The Moroso Gemma armchair was designed by Daniel Libeskind.
It took an architect and an engineering firm to pull off Patrizia Moroso’s latest furniture coup. But an elaborate level of involvement has been the Italian furniture maker’s signature since Patrizia Moroso took over as artistic director of her family’s business 30 years ago.
Moroso has pursued some of the most interesting talents of our era as collaborators, most lately teaming with Polish-American architect Daniel Libeskind, whose debut Gemma seating collection is now available to order in the U.S.
The angled, asymmetrical shapes derive from Libeskind’s love of complex and culturally layered architecture. Inspired by the multifaceted surface of crystals (a longtime Libeskind muse), Gemma’s mathematically rigorous steel frames come in an ombré-effect knitted fabric or solid-color leather upholstery. And, when Libeskind is involved, expect a little poetry.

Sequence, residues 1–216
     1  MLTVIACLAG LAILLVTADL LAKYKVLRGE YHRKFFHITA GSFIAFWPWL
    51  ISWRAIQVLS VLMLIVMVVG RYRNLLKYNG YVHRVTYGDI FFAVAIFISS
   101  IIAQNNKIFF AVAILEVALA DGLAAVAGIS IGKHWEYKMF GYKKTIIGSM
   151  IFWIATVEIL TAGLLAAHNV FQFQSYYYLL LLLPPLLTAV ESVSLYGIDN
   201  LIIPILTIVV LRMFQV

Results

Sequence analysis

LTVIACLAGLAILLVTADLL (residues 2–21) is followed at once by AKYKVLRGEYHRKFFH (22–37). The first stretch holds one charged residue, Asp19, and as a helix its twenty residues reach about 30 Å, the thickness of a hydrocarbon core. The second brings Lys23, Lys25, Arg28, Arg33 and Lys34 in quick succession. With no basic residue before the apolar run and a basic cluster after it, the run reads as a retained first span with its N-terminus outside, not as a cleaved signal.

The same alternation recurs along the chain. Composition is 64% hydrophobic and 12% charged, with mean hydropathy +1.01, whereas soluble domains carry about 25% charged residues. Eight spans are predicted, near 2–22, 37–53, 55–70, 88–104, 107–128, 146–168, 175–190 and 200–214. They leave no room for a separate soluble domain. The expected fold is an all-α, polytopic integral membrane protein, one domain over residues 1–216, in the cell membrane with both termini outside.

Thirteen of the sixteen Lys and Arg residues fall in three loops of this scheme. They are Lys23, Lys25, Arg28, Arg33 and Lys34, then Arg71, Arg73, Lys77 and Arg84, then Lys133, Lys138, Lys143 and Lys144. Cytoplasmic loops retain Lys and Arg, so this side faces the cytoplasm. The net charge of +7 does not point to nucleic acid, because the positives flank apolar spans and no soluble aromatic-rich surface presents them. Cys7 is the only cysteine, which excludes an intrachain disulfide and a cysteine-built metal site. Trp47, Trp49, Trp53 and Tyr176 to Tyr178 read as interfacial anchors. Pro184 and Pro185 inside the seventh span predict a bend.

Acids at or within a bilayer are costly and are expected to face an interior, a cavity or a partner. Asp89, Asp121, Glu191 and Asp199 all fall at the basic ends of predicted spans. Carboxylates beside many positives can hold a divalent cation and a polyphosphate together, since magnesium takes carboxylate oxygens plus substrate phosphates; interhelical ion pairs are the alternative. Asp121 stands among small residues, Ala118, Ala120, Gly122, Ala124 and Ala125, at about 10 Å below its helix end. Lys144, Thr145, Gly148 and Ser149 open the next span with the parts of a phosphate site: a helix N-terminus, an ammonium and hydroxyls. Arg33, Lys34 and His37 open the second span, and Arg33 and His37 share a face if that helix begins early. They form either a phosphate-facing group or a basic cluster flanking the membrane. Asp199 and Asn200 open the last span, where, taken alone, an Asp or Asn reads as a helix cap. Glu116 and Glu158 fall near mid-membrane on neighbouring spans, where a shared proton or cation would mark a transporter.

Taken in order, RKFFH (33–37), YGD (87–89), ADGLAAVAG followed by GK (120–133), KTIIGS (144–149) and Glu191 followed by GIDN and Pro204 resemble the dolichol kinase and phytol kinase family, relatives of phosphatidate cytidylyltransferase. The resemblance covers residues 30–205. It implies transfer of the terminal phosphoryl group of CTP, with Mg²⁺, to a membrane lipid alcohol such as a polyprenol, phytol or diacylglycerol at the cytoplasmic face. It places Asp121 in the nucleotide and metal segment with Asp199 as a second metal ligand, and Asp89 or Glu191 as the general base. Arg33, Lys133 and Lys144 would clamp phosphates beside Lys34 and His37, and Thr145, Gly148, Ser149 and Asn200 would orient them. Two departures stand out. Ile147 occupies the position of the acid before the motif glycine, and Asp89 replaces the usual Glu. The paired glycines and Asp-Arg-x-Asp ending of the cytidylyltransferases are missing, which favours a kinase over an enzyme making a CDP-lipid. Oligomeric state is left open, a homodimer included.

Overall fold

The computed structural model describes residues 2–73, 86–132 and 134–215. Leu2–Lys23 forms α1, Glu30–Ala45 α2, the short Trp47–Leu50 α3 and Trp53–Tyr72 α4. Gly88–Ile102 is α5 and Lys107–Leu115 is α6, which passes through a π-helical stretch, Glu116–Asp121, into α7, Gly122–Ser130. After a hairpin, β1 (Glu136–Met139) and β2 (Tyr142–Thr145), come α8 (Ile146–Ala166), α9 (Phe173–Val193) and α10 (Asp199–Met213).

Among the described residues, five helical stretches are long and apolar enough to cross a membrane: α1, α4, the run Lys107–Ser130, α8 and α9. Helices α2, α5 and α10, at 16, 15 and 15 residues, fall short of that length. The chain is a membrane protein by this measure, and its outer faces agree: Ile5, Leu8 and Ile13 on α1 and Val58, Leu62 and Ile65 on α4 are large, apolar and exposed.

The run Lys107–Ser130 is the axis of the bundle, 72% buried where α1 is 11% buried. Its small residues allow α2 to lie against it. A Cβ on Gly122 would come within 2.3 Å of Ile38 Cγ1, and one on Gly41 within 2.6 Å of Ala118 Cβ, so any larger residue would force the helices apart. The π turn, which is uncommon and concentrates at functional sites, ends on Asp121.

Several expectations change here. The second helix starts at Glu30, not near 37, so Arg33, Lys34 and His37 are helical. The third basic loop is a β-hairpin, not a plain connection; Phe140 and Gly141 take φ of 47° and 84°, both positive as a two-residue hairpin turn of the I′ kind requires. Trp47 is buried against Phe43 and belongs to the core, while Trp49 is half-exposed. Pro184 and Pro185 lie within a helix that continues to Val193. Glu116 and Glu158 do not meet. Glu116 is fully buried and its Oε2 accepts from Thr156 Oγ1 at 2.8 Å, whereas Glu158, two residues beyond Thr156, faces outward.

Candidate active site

The collection is a refined version of an earlier artistic effort in wood (and later, concrete) that Libeskind created in 2014 for a performance piece, Counting Rice, by Moroso’s friend, artist Marina Abramovic. The Gemma collection arrived at Moroso’s New York City showroom in February, but the armchair is the first piece in production and is available to order at Moroso’s Houston showroom.
Moroso, 2800 Kirby Dr., 713.630.6500